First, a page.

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clearly the head of the pack. what do those two guys who campaigned in nontraditional need to dodo they between now and say christmas? what ways would you advise them to change their approach? night, we sawlast a little evidence that this is getting out of his box. this is moving pretty fast. the growth of rubio and cruz as communicators is putting him in a bind. tot night, when we shifted substance, when they did that, it advantage ted cruz and rubio. the velocity was a little bit
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last we will see if he is capable of running the campaign as opposed to being the circus coming to town. i never thought he would disappear overnight. i was that he and carson are likely to disintegrate gradually. were advising those two guys, would you say, time for some retail politics. time to spend time on the ground . ben: i am not sure they will be in trouble, but i would spend more time on the ground. one of the things about there only being one republican debate between now and christmas means substance being tested is not likely to come. both trump and carson have shown themselves to be able to put on big events to attract large clouds -- crowds. -- there being only
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one debate for six weeks will spell this out to great detail. , we: a couple of weeks ago did focus groups and new hampshire, a lot of people thought bernie sanders would win the primary. what does bernie sanders need to do beyond this question of hillary clinton's inevitability, to position himself to win iowa or new hampshire? >> this goes for both parties. said carson and trump have been able to draw big crowds. you have to draw little crowds in 99 counties at each precinct in iowa. but they better all be organized. we have to see if sanders is organized.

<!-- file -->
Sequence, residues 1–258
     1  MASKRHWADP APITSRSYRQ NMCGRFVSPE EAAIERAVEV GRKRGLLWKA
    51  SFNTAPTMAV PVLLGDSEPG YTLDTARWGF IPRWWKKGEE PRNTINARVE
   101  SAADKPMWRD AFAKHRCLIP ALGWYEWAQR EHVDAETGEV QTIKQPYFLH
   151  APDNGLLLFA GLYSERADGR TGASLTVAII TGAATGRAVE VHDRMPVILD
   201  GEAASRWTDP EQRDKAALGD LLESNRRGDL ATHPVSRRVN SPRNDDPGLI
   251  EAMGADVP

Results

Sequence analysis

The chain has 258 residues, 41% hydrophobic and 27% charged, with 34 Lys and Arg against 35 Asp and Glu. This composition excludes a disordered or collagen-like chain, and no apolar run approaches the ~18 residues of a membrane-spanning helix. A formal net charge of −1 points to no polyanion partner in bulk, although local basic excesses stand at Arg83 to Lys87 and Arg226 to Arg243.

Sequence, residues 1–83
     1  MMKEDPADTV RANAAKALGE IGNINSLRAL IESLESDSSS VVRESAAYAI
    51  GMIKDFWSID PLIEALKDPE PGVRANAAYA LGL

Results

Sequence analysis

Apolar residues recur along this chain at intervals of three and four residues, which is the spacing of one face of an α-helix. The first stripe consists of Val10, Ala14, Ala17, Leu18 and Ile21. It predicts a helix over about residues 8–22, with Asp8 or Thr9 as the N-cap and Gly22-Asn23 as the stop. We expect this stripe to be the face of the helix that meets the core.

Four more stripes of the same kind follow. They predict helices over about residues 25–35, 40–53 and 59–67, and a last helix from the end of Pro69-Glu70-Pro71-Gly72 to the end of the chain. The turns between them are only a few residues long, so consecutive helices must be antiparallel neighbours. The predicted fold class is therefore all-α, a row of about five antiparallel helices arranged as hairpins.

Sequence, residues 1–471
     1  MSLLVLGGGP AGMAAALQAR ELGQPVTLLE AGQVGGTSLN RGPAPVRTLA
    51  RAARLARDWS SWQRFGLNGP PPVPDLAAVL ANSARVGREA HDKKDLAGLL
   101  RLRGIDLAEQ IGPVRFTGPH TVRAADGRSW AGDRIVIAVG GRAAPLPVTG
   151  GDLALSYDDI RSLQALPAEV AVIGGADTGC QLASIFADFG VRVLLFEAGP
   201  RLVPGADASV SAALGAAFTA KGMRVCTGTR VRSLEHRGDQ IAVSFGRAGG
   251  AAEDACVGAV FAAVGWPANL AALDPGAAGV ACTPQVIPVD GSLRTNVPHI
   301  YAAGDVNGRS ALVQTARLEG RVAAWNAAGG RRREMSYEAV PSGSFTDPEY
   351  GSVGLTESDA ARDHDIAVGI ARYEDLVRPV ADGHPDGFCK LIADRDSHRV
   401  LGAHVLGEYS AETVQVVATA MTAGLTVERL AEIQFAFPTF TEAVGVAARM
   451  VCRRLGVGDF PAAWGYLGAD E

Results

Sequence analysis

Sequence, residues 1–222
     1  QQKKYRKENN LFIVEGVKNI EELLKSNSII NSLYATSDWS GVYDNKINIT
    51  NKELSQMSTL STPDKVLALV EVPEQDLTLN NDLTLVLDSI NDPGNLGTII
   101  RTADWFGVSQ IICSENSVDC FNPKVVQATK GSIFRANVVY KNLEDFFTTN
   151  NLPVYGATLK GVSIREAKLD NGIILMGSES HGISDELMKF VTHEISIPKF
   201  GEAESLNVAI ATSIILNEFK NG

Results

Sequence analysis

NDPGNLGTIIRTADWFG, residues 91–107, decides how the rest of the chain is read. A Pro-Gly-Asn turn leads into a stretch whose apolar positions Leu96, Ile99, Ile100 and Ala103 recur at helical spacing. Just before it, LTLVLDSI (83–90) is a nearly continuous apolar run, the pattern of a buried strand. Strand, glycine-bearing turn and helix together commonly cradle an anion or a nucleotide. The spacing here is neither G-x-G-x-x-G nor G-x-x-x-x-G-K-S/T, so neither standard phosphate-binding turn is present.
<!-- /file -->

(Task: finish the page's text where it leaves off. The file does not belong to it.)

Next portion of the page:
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organizedoing to be at the precinct level? it is a hell of a task. --s is a campaign, nobody and this is a campaign nobody has run before. we know they come from states like texas and florida where that does not really matter. that is a big test for all of these candidates, how will they organize iowa? john: there is a debate on the democratic side coming up in iowa this weekend. if you are advising bernie sanders, how negative to go and how to be negative, what is your advice to him if you are doing debate prep with bernie sanders? >> it is pretty clear that he does need to draw a contrast. you asked the question about
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negativity on marco rubio, it is a similar question about mrs. clinton. if you are bernie sanders, you need to change up the current dynamics of the race. the classic way to do that is through negative advertising and drawing contrast and debate. if he really wants to win, you will see that. mark: what would you list as hillary clinton's three biggest vulnerabilities against bernie sanders on issues? obviously has done a good job of positioning himself as anti-wall street, playing into the anticorporate feelings in the democratic base. because of secretary clinton's history and the democratic party and knowing a lot of people who are very generous donors, she has some vulnerability. knowizationally, we don't if they will make the adjustments.
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they really have to focus. she has -- she has a pretty good temperature. she is pretty cool right now. she has to maintain that. that will be difficult because i totally agree with ben, the big challenge for bernie is evil have to draw a contrast, he will have to make this a choice -- if he will have to draw a contrast, he will have to make this a choice. studying thoseen beards this entire segment and i cannot decide which one is better. let's call it a tie. how will the secret service protection change the campaign of mr. donald trump and dr. ben carson? ♪